Author: Aoyon Ashraf, CoinDesk; Translation: Song Xue, LianGuai
Republican lawmakers in the U.S. House of Representatives introduced a new digital asset regulatory bill on Thursday aimed at establishing a regulatory framework to protect investors in the crypto industry.
Glenn “GT” Thompson, Chairman of the House Agriculture Committee and Republican Congressman from Pennsylvania, said in a statement: “The introduction of the 21st Century Financial Innovation and Technology Act in the House of Representatives today marks an important milestone in the efforts of the House Agriculture and Financial Services Committees to establish a regulatory framework that protects consumers and investors and fosters America’s leadership position in the digital asset space.“
This bill is one of several comprehensive rules proposed in recent years for digital assets. At the time of its introduction, there was perceived lack of regulatory clarity, and a wave of aggressive enforcement actions was prompting mature cryptocurrency companies to consider leaving the United States and hindering the establishment of startups in the U.S.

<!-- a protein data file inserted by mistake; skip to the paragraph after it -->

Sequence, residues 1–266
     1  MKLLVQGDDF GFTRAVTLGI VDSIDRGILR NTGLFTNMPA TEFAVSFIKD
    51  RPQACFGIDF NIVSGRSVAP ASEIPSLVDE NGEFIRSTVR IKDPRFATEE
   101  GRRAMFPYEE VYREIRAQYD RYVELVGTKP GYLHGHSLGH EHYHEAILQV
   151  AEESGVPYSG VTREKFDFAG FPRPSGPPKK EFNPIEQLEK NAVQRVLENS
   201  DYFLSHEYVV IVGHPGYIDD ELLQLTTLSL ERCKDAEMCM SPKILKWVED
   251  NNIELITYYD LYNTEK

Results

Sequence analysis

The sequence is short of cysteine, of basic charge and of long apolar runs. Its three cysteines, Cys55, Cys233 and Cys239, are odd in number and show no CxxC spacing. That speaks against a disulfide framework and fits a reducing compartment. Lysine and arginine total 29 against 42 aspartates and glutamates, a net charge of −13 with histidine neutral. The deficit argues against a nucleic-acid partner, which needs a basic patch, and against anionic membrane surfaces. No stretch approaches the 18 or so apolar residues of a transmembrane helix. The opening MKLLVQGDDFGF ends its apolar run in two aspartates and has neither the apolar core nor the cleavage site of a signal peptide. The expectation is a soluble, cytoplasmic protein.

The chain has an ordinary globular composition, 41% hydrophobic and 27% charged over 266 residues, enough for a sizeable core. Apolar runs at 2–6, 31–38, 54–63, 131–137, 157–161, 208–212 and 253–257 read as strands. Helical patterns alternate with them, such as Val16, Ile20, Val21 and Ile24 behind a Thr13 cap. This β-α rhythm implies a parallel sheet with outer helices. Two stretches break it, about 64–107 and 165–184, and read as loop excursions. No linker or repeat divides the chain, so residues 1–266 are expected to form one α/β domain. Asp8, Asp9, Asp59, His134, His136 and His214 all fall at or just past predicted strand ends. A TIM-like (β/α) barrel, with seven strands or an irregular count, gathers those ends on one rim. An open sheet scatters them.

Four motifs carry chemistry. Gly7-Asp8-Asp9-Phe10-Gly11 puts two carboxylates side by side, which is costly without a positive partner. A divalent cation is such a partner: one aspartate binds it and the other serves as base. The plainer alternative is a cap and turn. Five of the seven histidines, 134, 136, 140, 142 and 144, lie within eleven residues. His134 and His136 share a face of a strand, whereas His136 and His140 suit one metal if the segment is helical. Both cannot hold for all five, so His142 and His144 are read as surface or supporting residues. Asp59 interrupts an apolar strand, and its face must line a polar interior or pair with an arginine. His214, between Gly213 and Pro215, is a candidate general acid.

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The bill introduced on Thursday was first drafted in early June and aims to establish a regulatory pathway for cryptocurrency exchanges to register with the U.S. Securities and Exchange Commission (SEC) and enable them to trade digital securities, commodities, and stablecoins in one place.
“The crypto industry was hoping for clarity, and our bipartisan bill gives both the CFTC and the SEC a seat at the table. Our legislation establishes clear principles to ensure financial security and certainty for digital asset developers as they continue to innovate,” said Dusty Johnson (R-S.D) in a statement.
Gabriel Shapiro, General Counsel at Delphi Labs, pointed out that there is a change from the draft discussed in June that, in his view, “completely changes the value proposition of the bill” and reintroduces the ambiguity it was trying to address.
On page 10, the revised bill excludes a range of traditional securities from the definition of “digital assets,” such as stocks, bonds, “transferable shares,” and “equity or participation certificates in any profit-sharing agreement,”
Therefore, Shapiro wrote on Twitter that a range of assets found in the decentralized finance (DeFi) market, such as Compound’s cTokens or Liquid Collective’s Liquid Stake tokens, “will be subject to strict regulation under this provision, even if [they are] not subject to existing laws.”
“The SEC can still wage war… all they have to do is argue that the tokens are ‘transferable shares’ or ‘profits’,” he warned.